Junior Faculty Members Win $70,000 in Grants
The Southern California Studies Center (SC2) Junior Faculty Fellow Award program has given nearly $70,000 in grants to 10 assistant professors for projects exploring aspects of life in Southern California.
The winners, for projects to be completed by Sept. 1, are:
• Terry Anzur (journalism), for a project titled “Strangers in the Living Room: How Local Television News Found Its Audience and Lost Its Soul.”
• Carolyn Cartier (geography), for ”Suburban California in South China? An Orange County Developer Builds a New City Center in China’s Largest Special Economic Zone.”
• Robert Dekle (economics), for “The Impact of the Asia Crisis and Asian Capital Flows to Southern California.”
• Lyndee Knox (family medicine), for “Protecting the Programmatic Integrity of Effective Community Health Interventions in Southern California During Periods of Expansion.”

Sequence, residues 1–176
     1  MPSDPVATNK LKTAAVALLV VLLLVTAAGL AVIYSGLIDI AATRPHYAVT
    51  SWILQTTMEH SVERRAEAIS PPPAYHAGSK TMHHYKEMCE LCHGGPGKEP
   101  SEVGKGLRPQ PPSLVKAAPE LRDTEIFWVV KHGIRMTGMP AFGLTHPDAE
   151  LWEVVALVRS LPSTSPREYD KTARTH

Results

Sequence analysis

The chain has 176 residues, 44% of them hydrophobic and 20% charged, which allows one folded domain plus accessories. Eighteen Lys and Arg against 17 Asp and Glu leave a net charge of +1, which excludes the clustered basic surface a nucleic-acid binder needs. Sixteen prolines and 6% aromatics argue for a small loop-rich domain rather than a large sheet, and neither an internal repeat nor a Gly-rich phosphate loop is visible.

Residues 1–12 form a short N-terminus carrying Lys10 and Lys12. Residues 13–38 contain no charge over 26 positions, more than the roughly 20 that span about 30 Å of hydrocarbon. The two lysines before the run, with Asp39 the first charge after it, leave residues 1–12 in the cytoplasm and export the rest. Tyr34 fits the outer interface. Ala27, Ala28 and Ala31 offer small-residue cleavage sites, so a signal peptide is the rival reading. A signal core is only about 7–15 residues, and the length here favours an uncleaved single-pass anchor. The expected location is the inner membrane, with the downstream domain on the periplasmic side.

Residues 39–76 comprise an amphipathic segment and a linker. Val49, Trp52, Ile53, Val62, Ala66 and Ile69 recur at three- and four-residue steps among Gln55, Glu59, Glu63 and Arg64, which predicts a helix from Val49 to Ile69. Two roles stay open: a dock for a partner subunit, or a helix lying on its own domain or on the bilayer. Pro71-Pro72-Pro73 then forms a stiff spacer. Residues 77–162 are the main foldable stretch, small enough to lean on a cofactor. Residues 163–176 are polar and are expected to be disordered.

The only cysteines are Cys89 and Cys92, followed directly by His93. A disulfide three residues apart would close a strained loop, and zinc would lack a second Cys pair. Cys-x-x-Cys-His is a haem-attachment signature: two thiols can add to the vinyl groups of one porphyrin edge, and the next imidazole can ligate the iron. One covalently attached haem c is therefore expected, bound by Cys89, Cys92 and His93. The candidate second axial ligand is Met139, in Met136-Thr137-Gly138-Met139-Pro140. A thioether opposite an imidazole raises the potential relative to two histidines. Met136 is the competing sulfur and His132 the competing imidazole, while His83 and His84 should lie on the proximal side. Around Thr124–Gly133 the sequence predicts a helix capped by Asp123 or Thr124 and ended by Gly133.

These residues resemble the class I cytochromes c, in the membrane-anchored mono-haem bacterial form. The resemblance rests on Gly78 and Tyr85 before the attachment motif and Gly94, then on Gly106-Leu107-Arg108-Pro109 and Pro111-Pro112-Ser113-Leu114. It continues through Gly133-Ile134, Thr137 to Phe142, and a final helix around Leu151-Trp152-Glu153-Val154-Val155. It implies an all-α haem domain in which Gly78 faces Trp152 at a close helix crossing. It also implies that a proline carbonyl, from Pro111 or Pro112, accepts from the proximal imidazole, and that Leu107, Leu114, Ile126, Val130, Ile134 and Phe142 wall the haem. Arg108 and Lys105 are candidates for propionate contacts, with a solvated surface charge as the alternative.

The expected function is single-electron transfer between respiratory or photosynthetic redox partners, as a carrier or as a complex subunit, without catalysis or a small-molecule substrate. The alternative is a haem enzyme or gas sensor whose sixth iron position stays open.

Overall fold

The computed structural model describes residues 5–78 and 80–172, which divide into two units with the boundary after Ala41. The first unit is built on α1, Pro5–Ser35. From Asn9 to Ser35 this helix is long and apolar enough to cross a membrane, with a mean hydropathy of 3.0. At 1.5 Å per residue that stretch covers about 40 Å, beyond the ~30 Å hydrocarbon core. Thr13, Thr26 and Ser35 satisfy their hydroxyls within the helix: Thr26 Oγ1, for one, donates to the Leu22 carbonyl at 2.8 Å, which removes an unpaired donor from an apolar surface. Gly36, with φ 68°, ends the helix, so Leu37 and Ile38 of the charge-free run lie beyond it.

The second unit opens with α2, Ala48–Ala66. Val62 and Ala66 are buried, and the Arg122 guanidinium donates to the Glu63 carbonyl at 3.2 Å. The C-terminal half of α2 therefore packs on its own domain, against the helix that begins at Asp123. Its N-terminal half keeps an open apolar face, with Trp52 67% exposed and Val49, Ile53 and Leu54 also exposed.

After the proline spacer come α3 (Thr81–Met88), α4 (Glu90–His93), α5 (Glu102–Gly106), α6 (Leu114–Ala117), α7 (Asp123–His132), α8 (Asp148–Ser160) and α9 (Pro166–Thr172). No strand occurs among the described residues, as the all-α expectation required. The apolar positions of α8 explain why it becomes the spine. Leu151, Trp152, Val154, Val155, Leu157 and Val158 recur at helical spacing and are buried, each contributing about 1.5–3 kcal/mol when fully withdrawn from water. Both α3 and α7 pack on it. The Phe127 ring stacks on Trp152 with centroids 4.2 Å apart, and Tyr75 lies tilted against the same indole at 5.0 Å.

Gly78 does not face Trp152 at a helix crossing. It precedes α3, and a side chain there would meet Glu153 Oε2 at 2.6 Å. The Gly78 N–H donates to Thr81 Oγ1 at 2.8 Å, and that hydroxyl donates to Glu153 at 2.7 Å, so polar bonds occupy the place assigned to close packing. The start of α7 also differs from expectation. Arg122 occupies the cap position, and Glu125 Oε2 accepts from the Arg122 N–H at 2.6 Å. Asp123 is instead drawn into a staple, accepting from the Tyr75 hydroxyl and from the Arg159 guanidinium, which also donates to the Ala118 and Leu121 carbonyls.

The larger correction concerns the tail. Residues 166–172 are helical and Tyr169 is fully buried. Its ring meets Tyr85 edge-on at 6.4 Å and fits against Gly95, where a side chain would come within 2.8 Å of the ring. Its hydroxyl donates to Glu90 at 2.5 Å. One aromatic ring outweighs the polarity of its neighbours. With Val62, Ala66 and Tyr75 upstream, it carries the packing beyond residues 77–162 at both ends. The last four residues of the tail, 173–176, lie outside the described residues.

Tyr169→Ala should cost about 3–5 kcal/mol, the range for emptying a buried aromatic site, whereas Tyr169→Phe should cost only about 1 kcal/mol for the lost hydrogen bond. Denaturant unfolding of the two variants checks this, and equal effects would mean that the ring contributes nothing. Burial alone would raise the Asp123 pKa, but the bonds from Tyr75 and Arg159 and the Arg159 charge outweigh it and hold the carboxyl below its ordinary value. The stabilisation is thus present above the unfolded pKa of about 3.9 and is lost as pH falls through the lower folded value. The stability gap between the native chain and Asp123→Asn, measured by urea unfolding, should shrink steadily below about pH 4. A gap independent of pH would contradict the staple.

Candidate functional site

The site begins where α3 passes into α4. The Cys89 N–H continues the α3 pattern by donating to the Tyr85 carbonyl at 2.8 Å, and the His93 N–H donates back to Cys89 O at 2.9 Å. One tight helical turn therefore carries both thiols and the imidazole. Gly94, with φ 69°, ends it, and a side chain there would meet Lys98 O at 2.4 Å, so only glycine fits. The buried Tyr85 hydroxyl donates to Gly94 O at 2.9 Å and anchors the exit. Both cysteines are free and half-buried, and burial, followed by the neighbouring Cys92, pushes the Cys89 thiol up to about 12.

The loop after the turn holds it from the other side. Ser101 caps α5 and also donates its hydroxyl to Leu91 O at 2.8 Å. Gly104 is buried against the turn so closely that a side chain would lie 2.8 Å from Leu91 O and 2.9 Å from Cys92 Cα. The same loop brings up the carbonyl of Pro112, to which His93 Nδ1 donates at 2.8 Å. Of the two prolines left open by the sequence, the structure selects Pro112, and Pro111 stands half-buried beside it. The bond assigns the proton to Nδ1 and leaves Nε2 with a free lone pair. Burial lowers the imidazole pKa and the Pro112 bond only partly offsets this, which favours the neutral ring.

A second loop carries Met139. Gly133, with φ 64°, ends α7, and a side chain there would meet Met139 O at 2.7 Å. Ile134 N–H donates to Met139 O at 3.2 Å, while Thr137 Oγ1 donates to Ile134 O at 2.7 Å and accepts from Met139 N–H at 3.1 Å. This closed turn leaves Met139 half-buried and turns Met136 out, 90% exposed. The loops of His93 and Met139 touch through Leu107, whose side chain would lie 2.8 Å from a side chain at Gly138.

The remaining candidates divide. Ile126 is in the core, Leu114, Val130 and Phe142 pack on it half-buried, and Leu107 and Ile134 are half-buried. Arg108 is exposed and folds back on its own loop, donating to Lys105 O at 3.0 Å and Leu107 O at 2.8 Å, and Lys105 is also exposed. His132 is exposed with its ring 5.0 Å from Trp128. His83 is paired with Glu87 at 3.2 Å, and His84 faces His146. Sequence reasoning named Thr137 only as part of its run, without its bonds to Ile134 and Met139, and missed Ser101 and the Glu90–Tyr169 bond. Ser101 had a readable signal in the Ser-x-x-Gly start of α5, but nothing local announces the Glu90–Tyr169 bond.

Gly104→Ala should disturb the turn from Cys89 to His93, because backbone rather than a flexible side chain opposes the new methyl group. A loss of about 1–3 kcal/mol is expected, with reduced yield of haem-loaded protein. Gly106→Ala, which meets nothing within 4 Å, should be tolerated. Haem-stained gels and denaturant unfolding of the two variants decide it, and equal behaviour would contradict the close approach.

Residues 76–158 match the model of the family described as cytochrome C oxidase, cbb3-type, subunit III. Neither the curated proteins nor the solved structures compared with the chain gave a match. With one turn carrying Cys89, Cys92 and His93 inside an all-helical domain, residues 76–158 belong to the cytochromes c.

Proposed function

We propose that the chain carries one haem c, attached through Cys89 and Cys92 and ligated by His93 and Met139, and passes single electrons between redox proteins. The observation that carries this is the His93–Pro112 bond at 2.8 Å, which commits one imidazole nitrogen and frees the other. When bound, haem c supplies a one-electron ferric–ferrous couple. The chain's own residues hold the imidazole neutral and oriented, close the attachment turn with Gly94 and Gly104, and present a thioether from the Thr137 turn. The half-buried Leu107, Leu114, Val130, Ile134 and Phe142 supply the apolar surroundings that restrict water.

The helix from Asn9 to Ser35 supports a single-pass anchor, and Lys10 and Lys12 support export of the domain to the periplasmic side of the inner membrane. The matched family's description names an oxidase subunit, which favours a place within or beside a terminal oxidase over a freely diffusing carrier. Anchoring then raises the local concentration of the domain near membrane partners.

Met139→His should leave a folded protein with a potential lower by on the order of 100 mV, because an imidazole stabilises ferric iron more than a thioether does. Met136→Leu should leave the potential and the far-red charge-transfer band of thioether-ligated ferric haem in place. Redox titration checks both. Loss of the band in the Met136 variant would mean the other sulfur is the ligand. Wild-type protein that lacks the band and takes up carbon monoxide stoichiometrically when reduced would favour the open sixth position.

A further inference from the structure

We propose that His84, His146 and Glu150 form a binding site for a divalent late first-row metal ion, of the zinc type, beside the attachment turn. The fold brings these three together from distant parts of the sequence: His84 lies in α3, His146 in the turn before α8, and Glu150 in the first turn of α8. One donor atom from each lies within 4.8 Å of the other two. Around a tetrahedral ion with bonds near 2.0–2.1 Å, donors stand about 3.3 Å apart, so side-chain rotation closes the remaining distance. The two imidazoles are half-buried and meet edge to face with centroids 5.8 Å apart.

• Titus Levi (communication), for “Basic Information on Los Angeles Government Arts Agencies’ Role in Local Aesthetic Evolution.”
• Tara McPherson (critical studies), for “Communication Design: Los Angeles, Multimedia and the Legacy of Charles and Ray Eames.”
• Amy Murphy (architecture), for “Revisiting Issues of Architectural Typology with Special Emphasis on the Urban Terrain of Los Angeles.”
• Jeffrey Sconce (critical studies), for “Capture Magazine with Website Capturemag.com.”
• Susan Smith (social work), for “Contracted Child Care in Southern California: Trading Quality for Quantity?”
• Francesca Taylor (family medicine), for “Access to Women’s Health Care Services in a Southland Urban Setting: Perceptions and Practices of Immigrant Workers in the Los Angeles Garment Industry.”
“These grants help young faculty members to conduct research in and about Southern California,” said SC2 director Michael Dear. “They provide the critical first funding that allows junior faculty to attract outside funding, get outside publications, and establish a research direction.”
Funded by the Office of the Provost, the Junior Faculty Fellow Award program has awarded more than $270,000 in grants since it was established in 1995.